Here are 11 of the best-ever wheel designs
What car part is an essential part of a car’s performance, safety, and style? The wheel. Nothing else is so easy to change yet so fundamental to a car’s character. Enthusiasts often change out original equipment wheels for something more suited to their aesthetic taste or particular use case, but sometimes a factory wheel design is so beloved that it transcends one vehicle or model generation. By the same token, there are some aftermarket wheels that became so popular and widely used that they’ve become practically household names (if you live in a gearhead home, anyway).
To honor the miraculous symbols of human achievement that got us from wagons, to horse-drawn carriages, and eventually, cars, here are our picks for the 11 best wheels. This list is not scientific, nor definitive, but definitely top to bottom full of sweet wheels. Disagree with our picks or think we missed one? Weigh in on the Hagerty Forums below.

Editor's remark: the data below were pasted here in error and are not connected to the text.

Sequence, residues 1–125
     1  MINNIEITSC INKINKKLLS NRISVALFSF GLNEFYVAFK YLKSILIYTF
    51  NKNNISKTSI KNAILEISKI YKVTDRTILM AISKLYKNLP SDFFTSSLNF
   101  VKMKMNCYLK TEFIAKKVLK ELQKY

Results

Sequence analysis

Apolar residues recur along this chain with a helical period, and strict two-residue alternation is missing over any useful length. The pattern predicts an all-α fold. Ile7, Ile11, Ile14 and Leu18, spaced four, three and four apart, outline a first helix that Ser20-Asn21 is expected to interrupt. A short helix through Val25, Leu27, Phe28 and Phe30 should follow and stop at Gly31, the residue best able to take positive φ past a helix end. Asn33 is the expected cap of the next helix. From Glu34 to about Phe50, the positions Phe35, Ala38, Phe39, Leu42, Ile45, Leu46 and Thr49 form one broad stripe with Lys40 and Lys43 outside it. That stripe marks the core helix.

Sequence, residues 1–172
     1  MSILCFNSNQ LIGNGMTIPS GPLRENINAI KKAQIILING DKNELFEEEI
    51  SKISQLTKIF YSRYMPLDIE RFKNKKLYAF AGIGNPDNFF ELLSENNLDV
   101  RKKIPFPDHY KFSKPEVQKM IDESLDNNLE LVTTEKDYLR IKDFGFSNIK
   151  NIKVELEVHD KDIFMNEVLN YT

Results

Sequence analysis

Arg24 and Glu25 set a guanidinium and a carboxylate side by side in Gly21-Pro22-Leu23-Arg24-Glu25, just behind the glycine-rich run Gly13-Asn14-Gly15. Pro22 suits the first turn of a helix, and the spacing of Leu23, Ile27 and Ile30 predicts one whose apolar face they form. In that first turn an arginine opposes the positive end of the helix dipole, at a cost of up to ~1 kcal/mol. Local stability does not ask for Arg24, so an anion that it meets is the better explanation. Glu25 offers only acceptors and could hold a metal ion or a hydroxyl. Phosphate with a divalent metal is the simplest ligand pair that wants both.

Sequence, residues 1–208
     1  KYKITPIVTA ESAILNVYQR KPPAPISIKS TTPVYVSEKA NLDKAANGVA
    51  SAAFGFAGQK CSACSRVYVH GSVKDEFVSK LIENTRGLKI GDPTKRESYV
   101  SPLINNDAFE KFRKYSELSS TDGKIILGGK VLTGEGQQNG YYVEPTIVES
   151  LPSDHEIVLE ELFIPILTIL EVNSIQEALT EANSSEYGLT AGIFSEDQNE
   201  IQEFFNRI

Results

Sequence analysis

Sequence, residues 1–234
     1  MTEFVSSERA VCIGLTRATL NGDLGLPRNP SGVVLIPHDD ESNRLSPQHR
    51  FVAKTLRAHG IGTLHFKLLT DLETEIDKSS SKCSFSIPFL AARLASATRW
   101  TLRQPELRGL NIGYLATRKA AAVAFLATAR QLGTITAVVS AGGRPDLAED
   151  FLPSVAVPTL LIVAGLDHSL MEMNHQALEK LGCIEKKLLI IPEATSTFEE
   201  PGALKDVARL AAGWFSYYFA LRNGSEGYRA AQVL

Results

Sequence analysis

Gold Subaru BBS wheels
Subaru performance models and Gold BBS wheels go together like peanut butter and jelly. A memorable element of Subaru’s Colin McRae-era World Rally Championship Impreza from the late 1990s, as well as the spectacular limited-run 1998 STI 22B, the gold wheels would later become a staple visual component of WRX STI models. Along with Subaru’s trademark World Rally Blue paint, gold BBS wheels are pure rally-spec stylin’.
Alpina turbine-style wheels